If its not obvious, I don't follow him and only am just looking at a couple of quotes from themerchant. Maybe he's a stand-up guy with great thoughts, but this particular quote seems silly. Self reflection is hard!

Well, I really don't know much about Harris, in reality either.  From what I have seen, he is generally pretty smart.  So, chances are good that if he said something, he had a definite agenda in doing so.  I mean, the little I have read from him makes it seem that he likes to take some hard-line objectivity stance and then back it up with "scientific" rationale.  Possibly a noble endeavor, but flawed all the same...

Taken in isolation, it probably is true, that some ideas are so detrimental to have and to hold that it would be best that those that hold them simply did not exist.  The issue of course is, who gets to be the arbiter of that?  What is the threshold criterion for expunging such?  The problem comes in the humans are irredeemably (yes, I mean that literally) biased.  That includes humans engaged in science.  So, I'd distinctly reject the idea that science could or should be the arbiter.  So, then, we are back in the lurch for how we could know what is "too dangerous" and what isn't.

I believe the Harris is firmly against any sort of "transcendental" ideas.  While objectively factual, you are going to be missing something with that kind of hard line.
“I am a warrior of ages, Anasūrimbor . . . ages. I have dipped my nimil in a thousand hearts. I have ridden both against and for the No-God in the great wars that authored this wilderness. I have scaled the ramparts of great Golgotterath, watched the hearts of High Kings break for fury.” -Cet’ingira

themerchant

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« Reply #34 on: August 08, 2018, 05:11:33 pm »
Free speech is probably without argument the most dangerous thing to any person with any modicum of power (outside physical violence - human bodies are so squishy).

It's also (seemingly) essential to whatever we want to call it, liberty, freedom, efficacy, etc.

The thing is, and too many people seem to have a very hard time understanding this practically, that freedom of speech isn't freedom from consequence or freedom from responsibility for speech.  Also, it doesn't guarantee a forum; for example, the classic example of yelling "Fire!" in a crowded theater (where there is no fire).  No one says you can't say the word "fire," however, you can't yell it in a place that where doing so would cause a danger.  In the same way, not speaking of "danger" however but perhaps more abstractly of "harm," no one is "entitled" to have their videos hosted by say, Facebook or YouTube.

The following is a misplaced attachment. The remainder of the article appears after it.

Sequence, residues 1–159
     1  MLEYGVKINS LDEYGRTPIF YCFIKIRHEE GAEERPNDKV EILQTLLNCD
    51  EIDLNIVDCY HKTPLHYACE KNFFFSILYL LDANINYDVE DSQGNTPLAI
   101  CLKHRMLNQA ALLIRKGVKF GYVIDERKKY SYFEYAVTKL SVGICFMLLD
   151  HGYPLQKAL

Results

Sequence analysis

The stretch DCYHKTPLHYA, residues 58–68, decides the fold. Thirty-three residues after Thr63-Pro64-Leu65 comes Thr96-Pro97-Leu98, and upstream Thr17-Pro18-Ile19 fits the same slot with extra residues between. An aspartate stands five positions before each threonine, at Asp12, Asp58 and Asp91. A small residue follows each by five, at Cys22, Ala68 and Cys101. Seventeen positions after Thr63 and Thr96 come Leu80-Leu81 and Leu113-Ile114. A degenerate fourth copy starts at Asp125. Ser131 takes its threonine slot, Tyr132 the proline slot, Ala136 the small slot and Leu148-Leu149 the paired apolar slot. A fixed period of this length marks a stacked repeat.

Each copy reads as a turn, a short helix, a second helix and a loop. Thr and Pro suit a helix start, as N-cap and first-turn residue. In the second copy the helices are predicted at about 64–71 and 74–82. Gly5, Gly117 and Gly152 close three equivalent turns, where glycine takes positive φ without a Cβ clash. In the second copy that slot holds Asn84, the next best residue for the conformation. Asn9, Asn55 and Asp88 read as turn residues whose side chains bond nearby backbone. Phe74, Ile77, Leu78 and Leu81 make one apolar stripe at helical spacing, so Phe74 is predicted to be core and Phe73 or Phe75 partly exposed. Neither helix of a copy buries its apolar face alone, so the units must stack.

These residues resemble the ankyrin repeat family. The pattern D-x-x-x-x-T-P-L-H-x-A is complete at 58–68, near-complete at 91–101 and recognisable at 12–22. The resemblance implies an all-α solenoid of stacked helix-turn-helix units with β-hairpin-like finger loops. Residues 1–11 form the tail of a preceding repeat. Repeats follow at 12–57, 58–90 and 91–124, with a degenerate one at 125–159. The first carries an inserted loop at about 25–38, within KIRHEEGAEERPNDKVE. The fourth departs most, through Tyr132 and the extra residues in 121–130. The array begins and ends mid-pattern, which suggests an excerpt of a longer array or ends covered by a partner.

Free speech is essentially the government cant prosecute you for the content of what you say generally. It's not people have to employ you regardless of what crazy shit you say.

Folk like to stand behind a shield that only exists in their mind.

themerchant

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« Reply #35 on: August 08, 2018, 05:22:46 pm »
He didn't even do his own experiments from which his phd is based on. I consider him pretty useless, but his politics are so opposed to mine and he advocates for so much violence that I probably can't judge him objectively on other subjects.

I just have a problem with folk who advocate fighting for some cause but then won't join up to fight themselves. All around my locality families have ancestors who walked to Spain in the 1930's to fight Franco and Fascism a lot didn't come back. Scottish volunteers made up 25% of the total numbers of the international brigade.

I just don't like the dude. I'm very biased. :)

Wilshire

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« Reply #36 on: August 08, 2018, 07:26:30 pm »
I just don't like the dude. I'm very biased. :)
Hey at least you're aware. 90% of the time most people don't get that far.